Dated back to the chronicle era and find genies of art, that has been passed from one generation to another. The Chamba Rumal is one out of them. Dwellers of Chamba gave birth to an elaborated form of sewing known as the Chamba Rumal.
Called as the valley of Milk and Honey, Chamba is a land of mystic serenity, enchanting vistas, refreshing air, lofty mountain passes and slopes that lies at the height of 996 m on banks of the Ravi River of Himachal Pradesh.
The embroidery done on Rumal was based on nature, mythology, articles of everyday use and happenings of everyday life, animals, birds and trees. It is said that the King of that era and his nobles employed the painter to record important happenings in the court including musical modes, seasons, mythological subjects, agony and love. The ladies of the court created the same motifs with their needles in an equal amount of skill of the painters. The king astonishes by seeing this and from that era the needlework was done on it.
It is an eccentric form of visual art achieved by beautiful embroidery created on a hand spun cloth using an untwisted smooth thread which seeks its roots in pahari (mountain) paintings. Khaddar or unbleached muslin is usually the cloth employed for Chamba Rumal embroidery. The embroidery is done in soft shades in small double darning stitches which appear the same on both sides. Outlines and details are worked in double running stitch and sometimes small patterns on costumes and other details are shown in colored darning stitch.
Chamba embroidery mainly spins around deities, such as Shiva, Ganesha, Durga, Vishnu, Parvati, and Lakshmi. One of the favorite themes of a painter was the cheerful frolics of Lord Krishna with Radha. Lord Krishna was shown in various poses with Radha while the gopis (devotees) dance around them. Some scenes of battle and hunting are depicted with great finesse. Various attacks which show guns, swords, spears, etc are also shown.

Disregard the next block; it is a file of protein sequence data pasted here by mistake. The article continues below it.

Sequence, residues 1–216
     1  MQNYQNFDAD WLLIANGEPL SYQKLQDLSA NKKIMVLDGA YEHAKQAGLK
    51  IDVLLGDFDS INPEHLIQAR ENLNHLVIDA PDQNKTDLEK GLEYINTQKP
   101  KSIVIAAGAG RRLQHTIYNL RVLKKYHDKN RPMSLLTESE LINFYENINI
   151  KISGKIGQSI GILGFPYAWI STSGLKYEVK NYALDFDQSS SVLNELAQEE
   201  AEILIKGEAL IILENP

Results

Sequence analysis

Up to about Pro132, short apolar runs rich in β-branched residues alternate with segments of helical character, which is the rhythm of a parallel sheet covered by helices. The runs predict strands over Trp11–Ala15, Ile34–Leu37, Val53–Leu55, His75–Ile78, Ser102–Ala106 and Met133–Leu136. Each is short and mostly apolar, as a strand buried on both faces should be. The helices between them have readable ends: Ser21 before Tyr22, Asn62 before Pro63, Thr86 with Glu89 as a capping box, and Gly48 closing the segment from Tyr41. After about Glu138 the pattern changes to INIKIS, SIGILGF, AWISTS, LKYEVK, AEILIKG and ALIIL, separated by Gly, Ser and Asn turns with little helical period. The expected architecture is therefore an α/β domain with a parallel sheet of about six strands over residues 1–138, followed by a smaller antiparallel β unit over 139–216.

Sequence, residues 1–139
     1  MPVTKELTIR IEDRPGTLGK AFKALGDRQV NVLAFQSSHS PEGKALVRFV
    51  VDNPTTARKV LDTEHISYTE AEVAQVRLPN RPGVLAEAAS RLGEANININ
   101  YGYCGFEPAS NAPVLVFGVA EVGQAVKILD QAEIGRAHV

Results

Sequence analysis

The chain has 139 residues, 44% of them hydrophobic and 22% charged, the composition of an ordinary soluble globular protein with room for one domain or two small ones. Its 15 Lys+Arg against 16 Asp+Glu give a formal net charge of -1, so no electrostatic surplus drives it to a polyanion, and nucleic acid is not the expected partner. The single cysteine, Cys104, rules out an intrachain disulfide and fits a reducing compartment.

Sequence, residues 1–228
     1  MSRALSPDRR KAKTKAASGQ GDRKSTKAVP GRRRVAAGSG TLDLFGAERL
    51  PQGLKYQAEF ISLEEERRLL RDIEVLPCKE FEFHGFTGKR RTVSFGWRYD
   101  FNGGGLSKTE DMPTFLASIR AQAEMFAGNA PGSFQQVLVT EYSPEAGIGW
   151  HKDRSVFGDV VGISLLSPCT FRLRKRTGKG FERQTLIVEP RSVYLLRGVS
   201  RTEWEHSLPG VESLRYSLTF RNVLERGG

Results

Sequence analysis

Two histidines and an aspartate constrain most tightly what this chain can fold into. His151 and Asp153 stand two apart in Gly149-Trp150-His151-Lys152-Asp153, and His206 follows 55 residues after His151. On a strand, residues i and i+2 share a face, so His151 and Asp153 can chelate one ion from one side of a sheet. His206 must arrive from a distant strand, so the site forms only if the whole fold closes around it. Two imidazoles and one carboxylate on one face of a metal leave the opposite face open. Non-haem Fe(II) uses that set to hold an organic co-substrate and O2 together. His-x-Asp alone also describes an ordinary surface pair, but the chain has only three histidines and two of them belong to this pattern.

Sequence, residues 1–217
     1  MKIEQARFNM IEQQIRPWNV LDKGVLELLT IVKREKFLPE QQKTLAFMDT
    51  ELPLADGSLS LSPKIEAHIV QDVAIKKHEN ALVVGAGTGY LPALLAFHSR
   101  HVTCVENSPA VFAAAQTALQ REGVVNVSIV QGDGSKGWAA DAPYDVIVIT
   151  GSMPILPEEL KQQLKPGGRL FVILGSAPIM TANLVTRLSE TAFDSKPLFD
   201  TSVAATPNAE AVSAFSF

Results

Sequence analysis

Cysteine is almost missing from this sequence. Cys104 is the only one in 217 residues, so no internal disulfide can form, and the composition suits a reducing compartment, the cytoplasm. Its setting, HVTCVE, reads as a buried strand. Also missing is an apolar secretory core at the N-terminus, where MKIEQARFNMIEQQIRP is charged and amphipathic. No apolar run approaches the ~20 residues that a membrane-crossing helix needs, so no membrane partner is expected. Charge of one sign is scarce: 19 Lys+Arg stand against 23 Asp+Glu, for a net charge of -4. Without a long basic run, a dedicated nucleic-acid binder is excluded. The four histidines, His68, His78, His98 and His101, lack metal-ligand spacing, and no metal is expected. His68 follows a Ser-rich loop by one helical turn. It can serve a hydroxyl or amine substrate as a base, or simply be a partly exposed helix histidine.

The embroiderer also sometimes creates Chaupar, a game of dice played on two long bands of cloth joined together to form a cross, on the Rumal with four sets of players seated on the four sides. Embroidery also showed elements of nature comprising banana, lotus flower, peacock, parrots, shrubs, monkeys, deer, fish, clouds, cranes etc. The canvas teems with life giving a tremendous sense of movement to the composition.
Khaddar, which is basically a rough, and hand woven cotton, and mal mal, also known as fine muslin, were the fabrics used in creating Chamba Rumal. Khaddar was used for Chamba Rumal due to its availability, viable cost and durability. The figures and floral patterns drawn on the Chamba Rumal are filled with pat, a type of untwisted silken floss.
The most popular colors used in Chamba Rumal are ultramarine, Persian blue, carmine, parrot green, deep red, pink, brown, black, white, lemon, deep yellow, brilliant pink and purple.
The people of Chamba gifted the embroidery on every occasion including the girl’s wedding. The Rumal was an essential part of the bride’s dowry that was expected to have learnt this craft at a very tender age. As it was a dowry luxury, the handicraft depended solely upon occasions such as weddings and marriages and the ceremony would not be rendered complete without the presentation of the Chamba Rumal by the bride’s relatives. The Rumal were adorned by men and women alike. People of every class produced this Rumal and hung them proudly across their shoulders.